The wires all being bound together in one rope, it will naturally be asked, What provision is there for discovering a fault in any particular wire, at any particular point? So necessary a provision as this has not been overlooked. At every suspending post, two hundred yards apart, the wires of the cables are separated, and are passed through what is termed a connecting disc. This disc is fitted with a series of small tubes, those which contain wires running in one direction, being coloured red, and those which proceed in an opposite direction being coloured black. Each of these pipes, as well as each wire, is numbered. It will only be necessary, therefore, to test from post to post, in order to find where the interruption to the passage of the electric current has taken place. The fault thus narrowed to a distance of two hundred yards, can instantly be rectified. If our nerves could only be numbered, and isolated, and repaired in this manner, what a blessing it would be! I t is anticipated that for a considerable time the new telegraph will be principally confined to the use of public offices and places of business. Thus the principal public offices are already connected by its wires, and, if we might be permitted the ugly comparison, the Chief Commissioner of Police at Scotland Yard, spider-like, sits in the centre of a web co-extensive with the metropolis, and is made instantly sensible of any disturbance that may take place at any point.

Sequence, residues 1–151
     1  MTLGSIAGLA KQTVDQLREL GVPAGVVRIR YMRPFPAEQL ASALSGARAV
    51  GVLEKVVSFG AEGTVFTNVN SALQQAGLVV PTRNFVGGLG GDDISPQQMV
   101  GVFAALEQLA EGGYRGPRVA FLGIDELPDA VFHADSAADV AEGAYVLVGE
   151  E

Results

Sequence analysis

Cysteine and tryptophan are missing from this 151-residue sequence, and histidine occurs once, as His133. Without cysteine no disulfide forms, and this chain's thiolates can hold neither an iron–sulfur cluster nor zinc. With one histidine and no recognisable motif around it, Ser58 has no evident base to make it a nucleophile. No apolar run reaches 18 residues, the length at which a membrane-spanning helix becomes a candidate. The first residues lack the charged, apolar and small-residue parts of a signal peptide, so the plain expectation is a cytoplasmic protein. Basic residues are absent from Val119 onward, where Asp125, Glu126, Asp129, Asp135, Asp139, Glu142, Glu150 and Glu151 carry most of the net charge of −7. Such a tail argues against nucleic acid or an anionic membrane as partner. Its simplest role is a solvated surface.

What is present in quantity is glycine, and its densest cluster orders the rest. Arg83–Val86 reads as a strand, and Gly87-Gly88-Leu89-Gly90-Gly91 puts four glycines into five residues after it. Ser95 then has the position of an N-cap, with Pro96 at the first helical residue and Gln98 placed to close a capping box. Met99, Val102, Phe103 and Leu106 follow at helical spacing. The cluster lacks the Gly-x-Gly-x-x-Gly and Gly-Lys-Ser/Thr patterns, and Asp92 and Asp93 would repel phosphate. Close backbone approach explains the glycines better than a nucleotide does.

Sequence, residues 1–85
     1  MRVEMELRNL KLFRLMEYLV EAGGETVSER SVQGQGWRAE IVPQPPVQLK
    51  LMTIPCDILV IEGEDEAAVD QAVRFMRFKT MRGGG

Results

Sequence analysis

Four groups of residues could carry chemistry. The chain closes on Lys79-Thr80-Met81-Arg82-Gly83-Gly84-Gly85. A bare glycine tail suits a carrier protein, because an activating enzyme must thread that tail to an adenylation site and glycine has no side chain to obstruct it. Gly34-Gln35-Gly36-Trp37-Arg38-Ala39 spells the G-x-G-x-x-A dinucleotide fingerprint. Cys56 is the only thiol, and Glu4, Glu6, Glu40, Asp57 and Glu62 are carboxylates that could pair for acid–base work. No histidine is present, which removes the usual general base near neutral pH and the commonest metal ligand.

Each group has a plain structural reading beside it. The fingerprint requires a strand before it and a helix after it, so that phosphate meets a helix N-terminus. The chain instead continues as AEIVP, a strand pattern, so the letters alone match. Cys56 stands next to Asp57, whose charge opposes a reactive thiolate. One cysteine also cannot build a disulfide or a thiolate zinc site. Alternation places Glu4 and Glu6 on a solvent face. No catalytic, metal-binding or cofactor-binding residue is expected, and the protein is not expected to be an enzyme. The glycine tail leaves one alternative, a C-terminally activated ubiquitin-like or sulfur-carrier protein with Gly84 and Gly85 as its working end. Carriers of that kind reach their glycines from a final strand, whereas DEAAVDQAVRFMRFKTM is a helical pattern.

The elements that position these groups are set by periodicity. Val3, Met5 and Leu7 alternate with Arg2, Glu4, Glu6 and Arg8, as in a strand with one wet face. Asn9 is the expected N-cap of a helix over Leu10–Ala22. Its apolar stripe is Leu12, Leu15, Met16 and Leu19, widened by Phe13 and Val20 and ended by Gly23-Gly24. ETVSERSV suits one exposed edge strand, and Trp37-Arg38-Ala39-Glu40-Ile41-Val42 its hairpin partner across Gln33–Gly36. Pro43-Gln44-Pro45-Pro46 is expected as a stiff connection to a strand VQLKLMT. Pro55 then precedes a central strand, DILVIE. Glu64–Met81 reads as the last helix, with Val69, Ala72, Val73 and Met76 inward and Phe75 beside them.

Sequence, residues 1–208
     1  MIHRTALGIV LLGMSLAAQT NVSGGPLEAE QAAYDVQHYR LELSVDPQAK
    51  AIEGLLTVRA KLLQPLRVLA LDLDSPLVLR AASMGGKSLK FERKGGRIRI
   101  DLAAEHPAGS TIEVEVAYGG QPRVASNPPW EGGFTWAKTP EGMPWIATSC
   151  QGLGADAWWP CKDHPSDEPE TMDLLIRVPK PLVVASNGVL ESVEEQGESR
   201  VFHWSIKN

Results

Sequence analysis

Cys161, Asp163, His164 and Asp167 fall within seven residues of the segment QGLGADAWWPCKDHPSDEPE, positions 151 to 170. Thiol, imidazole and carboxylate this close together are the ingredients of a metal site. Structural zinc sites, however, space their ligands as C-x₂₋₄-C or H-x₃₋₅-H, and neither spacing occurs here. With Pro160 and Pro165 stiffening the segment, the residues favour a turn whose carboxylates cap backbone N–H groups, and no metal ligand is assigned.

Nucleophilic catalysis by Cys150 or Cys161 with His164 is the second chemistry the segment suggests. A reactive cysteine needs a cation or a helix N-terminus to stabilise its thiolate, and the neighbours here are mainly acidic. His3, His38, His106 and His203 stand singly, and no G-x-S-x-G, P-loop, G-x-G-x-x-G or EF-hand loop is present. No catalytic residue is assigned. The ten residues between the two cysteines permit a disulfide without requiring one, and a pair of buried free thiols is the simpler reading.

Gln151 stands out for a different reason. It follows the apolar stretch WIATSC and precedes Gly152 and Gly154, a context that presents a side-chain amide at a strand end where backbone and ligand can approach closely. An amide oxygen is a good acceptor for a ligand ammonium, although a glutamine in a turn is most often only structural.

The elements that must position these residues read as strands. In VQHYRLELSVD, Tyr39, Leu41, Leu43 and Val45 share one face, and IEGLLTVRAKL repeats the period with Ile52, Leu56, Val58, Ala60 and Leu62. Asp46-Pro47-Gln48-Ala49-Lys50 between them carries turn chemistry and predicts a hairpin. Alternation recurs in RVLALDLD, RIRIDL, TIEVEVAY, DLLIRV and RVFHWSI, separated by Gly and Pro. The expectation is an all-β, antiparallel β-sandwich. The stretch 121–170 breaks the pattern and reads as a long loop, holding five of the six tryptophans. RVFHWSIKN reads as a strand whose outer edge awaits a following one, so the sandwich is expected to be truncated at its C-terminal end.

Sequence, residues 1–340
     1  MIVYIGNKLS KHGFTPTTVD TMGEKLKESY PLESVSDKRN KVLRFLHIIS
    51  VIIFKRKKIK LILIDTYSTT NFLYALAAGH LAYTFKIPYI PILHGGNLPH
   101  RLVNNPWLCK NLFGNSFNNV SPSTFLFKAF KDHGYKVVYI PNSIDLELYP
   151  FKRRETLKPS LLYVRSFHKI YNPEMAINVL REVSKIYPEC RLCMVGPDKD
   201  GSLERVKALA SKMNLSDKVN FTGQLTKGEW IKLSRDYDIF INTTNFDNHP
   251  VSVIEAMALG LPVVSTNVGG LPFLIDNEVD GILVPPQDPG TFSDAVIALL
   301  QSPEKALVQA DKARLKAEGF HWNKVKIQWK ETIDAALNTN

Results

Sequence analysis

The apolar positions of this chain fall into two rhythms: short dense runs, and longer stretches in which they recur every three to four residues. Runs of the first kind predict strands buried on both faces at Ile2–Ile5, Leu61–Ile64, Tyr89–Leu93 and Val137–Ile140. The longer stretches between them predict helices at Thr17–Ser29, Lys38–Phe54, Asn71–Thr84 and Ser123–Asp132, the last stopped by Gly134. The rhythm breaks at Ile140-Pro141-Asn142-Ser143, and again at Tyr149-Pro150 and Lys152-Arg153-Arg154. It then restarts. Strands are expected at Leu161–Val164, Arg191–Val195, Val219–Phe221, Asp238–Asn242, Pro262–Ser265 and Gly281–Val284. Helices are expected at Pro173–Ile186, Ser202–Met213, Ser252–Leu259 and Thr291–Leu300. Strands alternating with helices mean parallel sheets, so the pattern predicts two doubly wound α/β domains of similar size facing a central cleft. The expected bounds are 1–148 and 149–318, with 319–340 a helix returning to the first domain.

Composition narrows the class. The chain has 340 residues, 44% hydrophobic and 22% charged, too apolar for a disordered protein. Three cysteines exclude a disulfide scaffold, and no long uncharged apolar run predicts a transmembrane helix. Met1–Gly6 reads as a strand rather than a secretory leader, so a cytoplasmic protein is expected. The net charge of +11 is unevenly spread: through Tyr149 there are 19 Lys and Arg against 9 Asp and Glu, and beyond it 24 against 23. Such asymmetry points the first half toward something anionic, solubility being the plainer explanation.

The Queen's Printer, again, has for years sent his mes-[-288-]sages by one of these telegraphs between the House of Commons and his printing-office near Fleet Street. The different docks are put en rapport with each other, and it will be especially applicable to all large manufacturing establishments requiring central offices in the City. Thus, the Isle of Dogs and Bow Common, the grand centres of manufacturing energy, are practically brought next door to offices in the centre of the City. The merchant residing at his country residence, through his private wire may know all that is going on at the docks without leaving his library when his ships have arrived, when they have sailed, and, possibly, when they have been wrecked. It must not be supposed that any of these wires are used in common by several persons. Each person will possess his own particular wire, as he possesses his gas or water-pipes, for the use and maintenance of which he will pay an annual rent. Thus the wire will be let to him at the rate of 4l. per mile, and he may either purchase the communicator and indicator, the working instruments of the telegraph, or he may hire them at the rate of 12l. per annum. Thus a man may talk over the distance of a mile for the sum of 16l. annually, and for any distance farther for an additional 4l. per mile. The use of this singular instrument has even penetrated into the country, and Lord Kinnaird has already laid it down between his mansion of Rossie Castle and the neighbouring county town, eight miles distant, and if anything is wanted from his tradesmen there, the order is given in his own library.